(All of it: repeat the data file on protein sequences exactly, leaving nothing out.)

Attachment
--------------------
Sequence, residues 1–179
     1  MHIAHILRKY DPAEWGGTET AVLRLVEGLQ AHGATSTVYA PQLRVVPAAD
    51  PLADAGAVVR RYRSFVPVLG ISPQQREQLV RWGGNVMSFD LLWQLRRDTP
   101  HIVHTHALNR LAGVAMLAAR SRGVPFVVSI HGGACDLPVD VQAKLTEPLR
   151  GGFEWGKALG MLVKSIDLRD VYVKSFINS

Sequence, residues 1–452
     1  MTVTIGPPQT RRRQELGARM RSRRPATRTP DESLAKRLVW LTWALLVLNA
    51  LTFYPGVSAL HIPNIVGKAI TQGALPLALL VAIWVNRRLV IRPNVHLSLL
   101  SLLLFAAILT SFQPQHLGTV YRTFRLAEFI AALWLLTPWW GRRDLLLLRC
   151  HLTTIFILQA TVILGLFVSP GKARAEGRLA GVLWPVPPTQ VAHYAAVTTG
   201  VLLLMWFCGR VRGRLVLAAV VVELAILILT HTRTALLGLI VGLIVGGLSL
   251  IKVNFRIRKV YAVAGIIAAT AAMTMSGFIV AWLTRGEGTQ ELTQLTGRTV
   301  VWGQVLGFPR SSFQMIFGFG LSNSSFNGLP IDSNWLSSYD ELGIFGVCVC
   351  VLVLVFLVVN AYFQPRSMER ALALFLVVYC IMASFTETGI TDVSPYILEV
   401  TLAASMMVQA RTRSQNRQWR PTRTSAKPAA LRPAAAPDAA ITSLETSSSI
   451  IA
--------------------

Sequence, residues 1–179
     1  MHIAHILRKY DPAEWGGTET AVLRLVEGLQ AHGATSTVYA PQLRVVPAAD
    51  PLADAGAVVR RYRSFVPVLG ISPQQREQLV RWGGNVMSFD LLWQLRRDTP
   101  HIVHTHALNR LAGVAMLAAR SRGVPFVVSI HGGACDLPVD VQAKLTEPLR
   151  GGFEWGKALG MLVKSIDLRD VYVKSFINS

Sequence, residues 1–452
     1  MTVTIGPPQT RRRQELGARM RSRRPATRTP DESLAKRLVW LTWALLVLNA
    51  LTFYPGVSAL HIPNIVGKAI TQGALPLALL VAIWVNRRLV IRPNVHLSLL
   101  SLLLFAAILT SFQPQHLGTV YRTFRLAEFI AALWLLTPWW GRRDLLLLRC
   151  HLTTIFILQA TVILGLFVSP GKARAEGRLA GVLWPVPPTQ VAHYAAVTTG
   201  VLLLMWFCGR VRGRLVLAAV VVELAILILT HTRTALLGLI VGLIVGGLSL
   251  IKVNFRIRKV YAVAGIIAAT AAMTMSGFIV AWLTRGEGTQ ELTQLTGRTV
   301  VWGQVLGFPR SSFQMIFGFG LSNSSFNGLP IDSNWLSSYD ELGIFGVCVC
   351  VLVLVFLVVN AYFQPRSMER ALALFLVVYC IMASFTETGI TDVSPYILEV
   401  TLAASMMVQA RTRSQNRQWR PTRTSAKPAA LRPAAAPDAA ITSLETSSSI
   451  IA